Famous Director Stumbles Into Trivia Trap!

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[Image courtesy of Buzztime.]

It’s no secret that I love trivia. I enjoy bar and pub trivia nights, I compete in an online trivia league (Learned League), and I’ve served as a quizmaster myself. I delight in slipping trivia into puzzles — from encrypted content to tricky crossword clues — and I happily peruse trivia books whenever I find them.

Recently I was reminded of one of my favorite trivia stories, and I thought I’d share that story with you today.

It all starts with a few tweets by filmmaker Rian Johnson, director of Brick, Looper, Star Wars: The Last Jedi, and Knives Out.

rian johnson 1

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He then shared this text from Wikipedia:

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Yes, as many fans and readers had commented, keen-eyed Columbo viewers had discovered the name “Frank” on Columbo’s ID, but the famous detective’s first name was never spoken or mentioned onscreen.

I had encountered a similar problem with a trivia game years ago that asked for the first name of the character Gilligan from the TV show Gilligan’s Island. I had no idea, and got the question wrong.

But as it turns out, Willy, Gilligan’s first name, was never mentioned on the show. The show’s creator always envisioned the character with that name, but it was never officially canon. (Bob Denver, who played Gilligan on the show, often joked that the character’s name was actually Gil Egan, but it ran together when yelled, as it so often was.)

GilligansIsland_74.jpg

[Image courtesy of Gilligan’s Island Wiki.]

As far as I know, the Gilligan error was simply that, a mistake. But the Columbo error, as mentioned in the Wikipedia article, is an example of a copyright trap.

A copyright trap is an intentionally false, seemingly trivial piece of information in a larger work, intended to help demonstrate plagiarism if the larger work is ever stolen or copied. (After all, anyone who had done their own research would have discovered it was incorrect and left it out, or at the very least, not included it as part of a wholesale act of plagiarism.)

And the more you learn about copyright traps, the more ridiculous and intricate they become.

There have been:

  • false cities (aka paper towns) on maps, like Agloe, New York, and the paired cities of Beatosu and Goblu in Ohio, as well as trap streets, fake mountain peaks, and more
  • false dictionary entries (like esquivaliance in the second edition New Oxford American Dictionary)
  • false encyclopedia entries (like the story of a photographer named Lillian Mountweazel who exploded on a shoot for Combustibles magazine)
  • false movies (like Dog of Norway, a fictional film mentioned in The Golden Turkey Awards, a book I actually own, alongside its sequel, Son of Golden Turkey Awards)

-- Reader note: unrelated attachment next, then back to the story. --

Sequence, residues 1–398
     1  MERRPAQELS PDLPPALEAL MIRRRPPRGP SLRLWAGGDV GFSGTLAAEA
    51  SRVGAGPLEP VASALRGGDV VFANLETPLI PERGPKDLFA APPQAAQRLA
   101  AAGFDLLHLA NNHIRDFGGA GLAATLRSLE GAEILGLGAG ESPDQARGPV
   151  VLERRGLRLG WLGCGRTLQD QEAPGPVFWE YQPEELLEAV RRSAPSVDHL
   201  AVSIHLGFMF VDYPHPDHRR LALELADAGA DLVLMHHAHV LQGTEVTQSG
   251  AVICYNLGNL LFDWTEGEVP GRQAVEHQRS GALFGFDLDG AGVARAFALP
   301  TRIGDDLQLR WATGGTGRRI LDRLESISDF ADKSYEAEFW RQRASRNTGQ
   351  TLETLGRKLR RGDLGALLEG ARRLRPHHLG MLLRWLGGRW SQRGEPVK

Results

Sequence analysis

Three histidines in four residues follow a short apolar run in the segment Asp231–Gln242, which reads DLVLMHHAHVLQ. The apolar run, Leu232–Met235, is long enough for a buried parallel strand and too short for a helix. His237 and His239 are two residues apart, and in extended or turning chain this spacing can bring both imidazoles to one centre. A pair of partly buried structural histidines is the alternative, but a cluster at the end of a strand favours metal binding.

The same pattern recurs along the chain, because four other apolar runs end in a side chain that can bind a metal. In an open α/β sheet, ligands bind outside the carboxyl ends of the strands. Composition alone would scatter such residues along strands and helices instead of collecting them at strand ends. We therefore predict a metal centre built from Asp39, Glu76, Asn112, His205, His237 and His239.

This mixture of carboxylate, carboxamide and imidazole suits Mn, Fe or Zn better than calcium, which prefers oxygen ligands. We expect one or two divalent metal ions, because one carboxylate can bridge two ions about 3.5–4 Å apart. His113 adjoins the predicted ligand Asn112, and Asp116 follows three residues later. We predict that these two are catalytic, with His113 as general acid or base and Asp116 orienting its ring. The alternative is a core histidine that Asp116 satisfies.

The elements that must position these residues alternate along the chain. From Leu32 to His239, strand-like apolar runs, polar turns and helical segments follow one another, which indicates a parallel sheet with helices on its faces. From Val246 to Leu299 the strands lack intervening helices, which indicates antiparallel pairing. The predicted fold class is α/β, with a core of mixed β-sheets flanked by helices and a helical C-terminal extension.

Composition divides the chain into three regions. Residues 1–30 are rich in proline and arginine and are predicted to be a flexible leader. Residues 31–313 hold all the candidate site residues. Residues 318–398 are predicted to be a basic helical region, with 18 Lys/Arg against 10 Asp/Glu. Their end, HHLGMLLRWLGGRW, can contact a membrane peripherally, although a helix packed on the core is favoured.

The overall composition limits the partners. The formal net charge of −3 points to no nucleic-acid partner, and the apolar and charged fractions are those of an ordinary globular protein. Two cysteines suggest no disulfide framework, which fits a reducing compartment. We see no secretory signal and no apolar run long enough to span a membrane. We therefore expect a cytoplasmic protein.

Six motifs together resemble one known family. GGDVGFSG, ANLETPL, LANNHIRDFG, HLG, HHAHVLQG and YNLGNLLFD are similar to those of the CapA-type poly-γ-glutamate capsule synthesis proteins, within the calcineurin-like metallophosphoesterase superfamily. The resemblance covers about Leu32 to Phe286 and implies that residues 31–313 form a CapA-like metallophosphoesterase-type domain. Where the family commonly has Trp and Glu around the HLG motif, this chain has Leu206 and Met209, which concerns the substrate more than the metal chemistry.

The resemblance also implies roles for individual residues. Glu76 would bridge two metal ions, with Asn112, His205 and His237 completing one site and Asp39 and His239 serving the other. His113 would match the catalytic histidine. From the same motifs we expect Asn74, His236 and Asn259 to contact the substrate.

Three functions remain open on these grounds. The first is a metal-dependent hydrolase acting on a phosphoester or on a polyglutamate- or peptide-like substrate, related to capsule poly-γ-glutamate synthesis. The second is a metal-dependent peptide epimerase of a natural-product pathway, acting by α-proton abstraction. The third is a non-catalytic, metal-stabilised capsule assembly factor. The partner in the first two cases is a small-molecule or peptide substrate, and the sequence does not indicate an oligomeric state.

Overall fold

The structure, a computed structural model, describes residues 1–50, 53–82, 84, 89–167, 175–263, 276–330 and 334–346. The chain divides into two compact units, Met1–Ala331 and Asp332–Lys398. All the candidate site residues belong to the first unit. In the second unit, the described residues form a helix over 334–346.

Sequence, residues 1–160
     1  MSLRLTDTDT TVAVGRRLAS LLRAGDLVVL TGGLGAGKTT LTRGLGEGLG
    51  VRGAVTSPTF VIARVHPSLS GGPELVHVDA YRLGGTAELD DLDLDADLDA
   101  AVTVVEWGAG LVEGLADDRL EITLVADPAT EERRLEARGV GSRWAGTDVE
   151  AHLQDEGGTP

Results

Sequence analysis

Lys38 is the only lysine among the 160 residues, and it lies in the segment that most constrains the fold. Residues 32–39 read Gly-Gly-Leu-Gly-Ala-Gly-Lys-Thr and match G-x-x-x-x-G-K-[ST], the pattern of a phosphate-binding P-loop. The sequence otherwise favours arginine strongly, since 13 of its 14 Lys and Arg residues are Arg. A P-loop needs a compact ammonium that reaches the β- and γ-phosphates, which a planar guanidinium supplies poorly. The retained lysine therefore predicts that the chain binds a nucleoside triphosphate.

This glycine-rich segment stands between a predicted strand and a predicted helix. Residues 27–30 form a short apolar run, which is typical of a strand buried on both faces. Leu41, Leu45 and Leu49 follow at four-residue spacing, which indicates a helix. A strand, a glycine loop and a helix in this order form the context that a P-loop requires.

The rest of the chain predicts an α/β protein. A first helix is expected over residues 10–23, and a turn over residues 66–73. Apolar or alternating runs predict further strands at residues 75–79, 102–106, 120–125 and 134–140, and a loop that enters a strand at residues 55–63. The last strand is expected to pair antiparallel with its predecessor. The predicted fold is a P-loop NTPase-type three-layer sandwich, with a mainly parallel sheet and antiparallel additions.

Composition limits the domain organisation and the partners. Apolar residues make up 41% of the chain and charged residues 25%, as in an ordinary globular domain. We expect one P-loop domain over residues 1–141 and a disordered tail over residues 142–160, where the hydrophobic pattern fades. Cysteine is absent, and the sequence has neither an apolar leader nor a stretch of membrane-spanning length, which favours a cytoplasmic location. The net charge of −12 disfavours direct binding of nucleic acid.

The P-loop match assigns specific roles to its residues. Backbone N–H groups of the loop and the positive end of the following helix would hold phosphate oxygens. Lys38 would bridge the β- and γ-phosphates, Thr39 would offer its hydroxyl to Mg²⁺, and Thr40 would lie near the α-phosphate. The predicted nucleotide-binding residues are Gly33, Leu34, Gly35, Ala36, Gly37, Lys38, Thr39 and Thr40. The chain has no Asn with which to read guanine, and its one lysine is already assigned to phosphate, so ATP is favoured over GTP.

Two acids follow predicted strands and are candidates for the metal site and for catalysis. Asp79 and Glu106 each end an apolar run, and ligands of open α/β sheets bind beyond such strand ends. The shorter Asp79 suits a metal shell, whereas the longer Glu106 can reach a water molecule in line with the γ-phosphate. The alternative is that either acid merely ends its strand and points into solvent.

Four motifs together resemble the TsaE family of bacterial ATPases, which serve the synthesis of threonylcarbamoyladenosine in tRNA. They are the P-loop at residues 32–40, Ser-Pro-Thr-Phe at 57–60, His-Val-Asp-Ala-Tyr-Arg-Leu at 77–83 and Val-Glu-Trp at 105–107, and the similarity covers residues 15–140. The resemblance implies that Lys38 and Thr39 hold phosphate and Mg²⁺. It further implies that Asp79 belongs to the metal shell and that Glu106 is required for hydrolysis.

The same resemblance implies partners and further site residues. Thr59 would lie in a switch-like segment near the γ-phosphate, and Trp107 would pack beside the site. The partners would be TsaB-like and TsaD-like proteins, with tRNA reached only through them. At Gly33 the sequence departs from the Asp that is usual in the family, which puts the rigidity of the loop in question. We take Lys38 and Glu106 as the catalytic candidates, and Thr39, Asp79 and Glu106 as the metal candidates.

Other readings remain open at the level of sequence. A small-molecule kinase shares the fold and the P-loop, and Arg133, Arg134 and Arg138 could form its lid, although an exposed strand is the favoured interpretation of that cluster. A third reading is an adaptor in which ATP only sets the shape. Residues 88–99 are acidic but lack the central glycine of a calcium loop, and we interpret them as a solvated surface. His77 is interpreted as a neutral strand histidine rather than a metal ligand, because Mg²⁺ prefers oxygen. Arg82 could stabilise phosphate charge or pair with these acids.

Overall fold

• a false member of the German parliament
  • false Google searches (which were used to purposely expose the search engine Bing for copying Google’s search results)

columbo

[Image courtesy of RadioTimes.]

Although Mr. Worth’s Columbo trap did reveal the thieving nature of the designers of the original Trivial Pursuit, it failed to protect him. It also failed to protect trivia fans, as this and other spurious bits of trivia continue to percolate throughout trivia books, webpages, and other sources. (I’ve found easily misproven false trivia everywhere from IMDB to Ripley’s Believe It or Not books.)

So enjoy your trivia, but keep your eyes peeled, fellow puzzlers and trivia-hounds. You might just get tripped up by a copyright trap one of these days.


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Puzzly Ideas to Keep You Busy!

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We’re all doing our best to keep ourselves and our loved ones engaged, entertained, and sane during these stressful times.

And after weeks of doing so, it’s possible you’re running out of ideas.

But worry not! Your puzzly pals at PuzzleNation are here with some suggestions.

Please feel free to sample from this list of activities, which is a mix of brain teasers to solve, puzzly projects to embark upon, treasure hunts, unsolved mysteries, ridiculous notions, creative endeavors, and a dash of shameless self-promotion.

Enjoy, won’t you?


Puzzly Ways To Get Through Self-Quarantine

In all seriousness, we hope these ideas help you and yours in some small way to make the time pass in a fun and puzzly fashion. Be well, stay safe, and happy puzzling.


Thanks for visiting PuzzleNation Blog today! Be sure to sign up for our newsletter to stay up-to-date on everything PuzzleNation!

You can also share your pictures with us on Instagram, friend us on Facebook, check us out on TwitterPinterest, and Tumblr, and explore the always-expanding library of PuzzleNation apps and games on our website!

Hide & Word Seek With These Puns We Toyed Around With

Yes, yes, it’s that time again. It’s hashtag game time!

For years now, we’ve been collaborating on puzzle-themed hashtag games with our pals at Penny Dell Puzzles, and this month’s hook was #PennyDellPuzzleToys, mashing up Penny Dell puzzles with action figures, cars, dolls, brands, characters, and anything else related to toys!

Examples include: Connect Four Square, Ouija Exchange Boards, and Bop-It’s Your Move.

So, without further ado, check out what the puzzlers at PuzzleNation and Penny Dell Puzzles came up with!


My Little Puzzler